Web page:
Newton Fire/EMS

Newton Fire/EMS is pleased to announce the awarding of a KRAF grant for partial funding of the department’s five new Zoll X Series heart monitors. 

The department’s 10-year-old Phillips Heartstart MRX monitors were reaching the end of their lifespan with future models discontinued and a projection of difficulty obtaining parts and service.  Additionally, Zoll X Series monitors are utilized by several county EMS partners with whom Newton Fire/EMS has mutual and automatic aid agreements.  The addition of these new monitors will assist with a seamless transfer of patient care.

Wesley Healthcare

During EMS Week in May, Wesley Healthcare gave out several awards including the Medic of the Year, Fallen Hero, and Crew of the Year. They were pleased to be able to honor several deserving individuals this year.

Wesley Healthcare’s Medic of the Year award was given to Benjamin Kampff. On Feb 12, 2018, Ben helped ED staff with a patient who had a violent history toward healthcare providers. As he entered the room, the patient was found in the corner trying to get something out of his pants. Ben went over and subdued the patient and found out the patient was trying to get a gun out. He called for help and was able to disarm the patient, before anything could happen. He was given the award for his actions of bravery, and safety of the staff and the patient.

Wesley Healthcare’s Fallen Hero award is for the recognition and celebration of prehospital personnel who have passed away yet made a big impact and influence in the profession of EMS. Chy Miller was a medic who touched many people in positive ways. He also acted as a Paramedic instructor for Hutchinson Community College. During his time at HutchCC, he continually produced quality paramedic students—a testimony to his talent. While his life on earth is over, his legacy lives on with HutchCC and the many lives he impacted.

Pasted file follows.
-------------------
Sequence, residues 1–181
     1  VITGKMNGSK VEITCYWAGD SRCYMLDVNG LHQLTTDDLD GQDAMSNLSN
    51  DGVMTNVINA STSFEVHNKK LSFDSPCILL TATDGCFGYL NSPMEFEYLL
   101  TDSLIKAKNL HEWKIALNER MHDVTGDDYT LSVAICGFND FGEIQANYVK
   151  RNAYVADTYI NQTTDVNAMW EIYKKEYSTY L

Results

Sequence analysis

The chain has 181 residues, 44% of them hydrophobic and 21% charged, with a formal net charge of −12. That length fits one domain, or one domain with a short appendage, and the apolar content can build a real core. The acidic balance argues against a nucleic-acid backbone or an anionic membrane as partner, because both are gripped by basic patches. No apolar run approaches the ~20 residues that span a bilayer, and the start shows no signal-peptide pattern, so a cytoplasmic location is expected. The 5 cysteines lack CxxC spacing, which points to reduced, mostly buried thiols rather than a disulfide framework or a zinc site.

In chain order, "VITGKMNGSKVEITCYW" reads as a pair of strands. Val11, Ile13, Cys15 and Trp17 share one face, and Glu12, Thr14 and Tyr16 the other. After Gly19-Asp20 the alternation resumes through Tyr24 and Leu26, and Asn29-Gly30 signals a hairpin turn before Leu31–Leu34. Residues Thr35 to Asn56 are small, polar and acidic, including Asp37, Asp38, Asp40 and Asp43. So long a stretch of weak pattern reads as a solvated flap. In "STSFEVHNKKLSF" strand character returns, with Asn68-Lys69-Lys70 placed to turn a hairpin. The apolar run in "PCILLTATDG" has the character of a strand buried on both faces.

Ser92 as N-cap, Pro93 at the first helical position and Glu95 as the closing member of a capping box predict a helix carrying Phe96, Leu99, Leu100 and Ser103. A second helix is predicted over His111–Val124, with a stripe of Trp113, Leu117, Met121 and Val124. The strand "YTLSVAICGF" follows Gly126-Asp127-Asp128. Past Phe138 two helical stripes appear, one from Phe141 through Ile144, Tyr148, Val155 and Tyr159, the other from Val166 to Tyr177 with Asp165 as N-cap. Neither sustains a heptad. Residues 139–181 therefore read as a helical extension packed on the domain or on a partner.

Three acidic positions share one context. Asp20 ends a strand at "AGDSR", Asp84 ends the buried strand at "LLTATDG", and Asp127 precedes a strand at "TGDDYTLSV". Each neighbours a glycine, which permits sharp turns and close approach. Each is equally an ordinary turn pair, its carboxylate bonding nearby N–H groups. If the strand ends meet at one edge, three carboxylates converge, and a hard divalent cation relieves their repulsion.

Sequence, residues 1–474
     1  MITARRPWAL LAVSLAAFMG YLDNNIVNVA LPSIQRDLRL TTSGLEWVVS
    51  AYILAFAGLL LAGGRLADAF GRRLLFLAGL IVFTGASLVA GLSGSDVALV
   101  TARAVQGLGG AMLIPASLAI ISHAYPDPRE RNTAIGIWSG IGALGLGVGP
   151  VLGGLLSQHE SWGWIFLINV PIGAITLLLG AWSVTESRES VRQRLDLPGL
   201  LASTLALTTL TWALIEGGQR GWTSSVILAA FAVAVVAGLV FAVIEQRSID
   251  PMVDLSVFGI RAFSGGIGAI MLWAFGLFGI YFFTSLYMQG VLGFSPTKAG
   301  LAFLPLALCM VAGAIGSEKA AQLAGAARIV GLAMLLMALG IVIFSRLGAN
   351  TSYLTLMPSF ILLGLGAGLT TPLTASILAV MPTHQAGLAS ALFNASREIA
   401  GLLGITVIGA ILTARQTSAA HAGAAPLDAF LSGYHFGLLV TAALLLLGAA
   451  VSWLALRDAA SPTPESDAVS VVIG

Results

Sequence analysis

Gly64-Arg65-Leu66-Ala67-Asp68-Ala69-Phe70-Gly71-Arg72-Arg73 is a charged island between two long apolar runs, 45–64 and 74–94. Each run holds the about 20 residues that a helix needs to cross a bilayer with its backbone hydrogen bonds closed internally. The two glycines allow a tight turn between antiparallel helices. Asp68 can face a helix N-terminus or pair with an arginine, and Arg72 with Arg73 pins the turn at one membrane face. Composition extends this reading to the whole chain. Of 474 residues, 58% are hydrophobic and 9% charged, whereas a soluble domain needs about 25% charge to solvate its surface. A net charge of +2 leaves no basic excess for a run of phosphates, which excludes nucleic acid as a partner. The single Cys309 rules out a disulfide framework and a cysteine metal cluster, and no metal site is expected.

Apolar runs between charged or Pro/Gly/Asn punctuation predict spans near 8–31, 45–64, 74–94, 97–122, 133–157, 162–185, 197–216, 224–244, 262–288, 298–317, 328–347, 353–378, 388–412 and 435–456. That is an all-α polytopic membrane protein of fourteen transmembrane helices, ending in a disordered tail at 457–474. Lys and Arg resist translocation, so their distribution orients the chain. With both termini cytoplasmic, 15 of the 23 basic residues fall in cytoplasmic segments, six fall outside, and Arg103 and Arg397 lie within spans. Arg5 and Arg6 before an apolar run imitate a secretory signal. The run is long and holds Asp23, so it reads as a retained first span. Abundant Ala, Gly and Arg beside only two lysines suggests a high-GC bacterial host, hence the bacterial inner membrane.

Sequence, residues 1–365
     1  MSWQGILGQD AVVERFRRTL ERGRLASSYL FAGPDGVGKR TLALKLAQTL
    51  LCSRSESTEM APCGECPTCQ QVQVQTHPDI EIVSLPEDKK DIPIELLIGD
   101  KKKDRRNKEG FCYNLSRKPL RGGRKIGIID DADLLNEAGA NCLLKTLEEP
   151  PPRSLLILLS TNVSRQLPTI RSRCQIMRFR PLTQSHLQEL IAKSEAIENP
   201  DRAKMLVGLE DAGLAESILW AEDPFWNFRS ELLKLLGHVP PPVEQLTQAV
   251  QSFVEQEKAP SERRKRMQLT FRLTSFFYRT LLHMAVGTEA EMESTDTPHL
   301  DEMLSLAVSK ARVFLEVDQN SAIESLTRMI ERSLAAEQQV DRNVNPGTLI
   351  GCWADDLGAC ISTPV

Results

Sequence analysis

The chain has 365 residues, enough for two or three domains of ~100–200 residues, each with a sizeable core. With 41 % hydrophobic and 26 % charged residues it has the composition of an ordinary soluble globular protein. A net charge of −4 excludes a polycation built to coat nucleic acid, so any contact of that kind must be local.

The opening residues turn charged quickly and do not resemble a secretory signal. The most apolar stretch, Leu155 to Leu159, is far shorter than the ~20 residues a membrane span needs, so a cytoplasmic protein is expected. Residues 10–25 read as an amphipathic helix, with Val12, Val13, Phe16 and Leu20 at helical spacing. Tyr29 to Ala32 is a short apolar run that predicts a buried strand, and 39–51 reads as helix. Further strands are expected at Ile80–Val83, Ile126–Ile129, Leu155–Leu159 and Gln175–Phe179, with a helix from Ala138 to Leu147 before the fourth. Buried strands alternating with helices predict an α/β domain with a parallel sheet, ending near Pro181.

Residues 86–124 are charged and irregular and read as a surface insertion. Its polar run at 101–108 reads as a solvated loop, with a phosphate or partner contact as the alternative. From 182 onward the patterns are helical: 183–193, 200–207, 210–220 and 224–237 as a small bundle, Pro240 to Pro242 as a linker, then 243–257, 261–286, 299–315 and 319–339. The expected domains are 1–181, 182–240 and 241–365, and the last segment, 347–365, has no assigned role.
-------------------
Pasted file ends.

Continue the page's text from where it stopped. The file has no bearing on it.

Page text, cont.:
The Wesley Healthcare Crew of the Year award was created to honor those EMS practitioners who work within the community and are the first link in the chain of survival. On December 18, 2017, Paramedic Leigh Chambers and Paramedic Gabe Shults came to work not knowing that they would be called upon for one of the most stressful situations a medic can endure—a child not breathing and pulseless—a child who was found in an icy pond. Upon arrival, they found family performing CPR, and quickly went to work on resuscitating the child. CPR, warming measures, oxygen, ventilation, an IV, and medications to restart the child’s heart, were all initiated. The medics worked diligently, and his heart started to beat again. The child was transported to Wesley Medical Center’s Trauma Team.  January 3, 2018, 16 days after the lifeless child was found, he was able to go home with his family.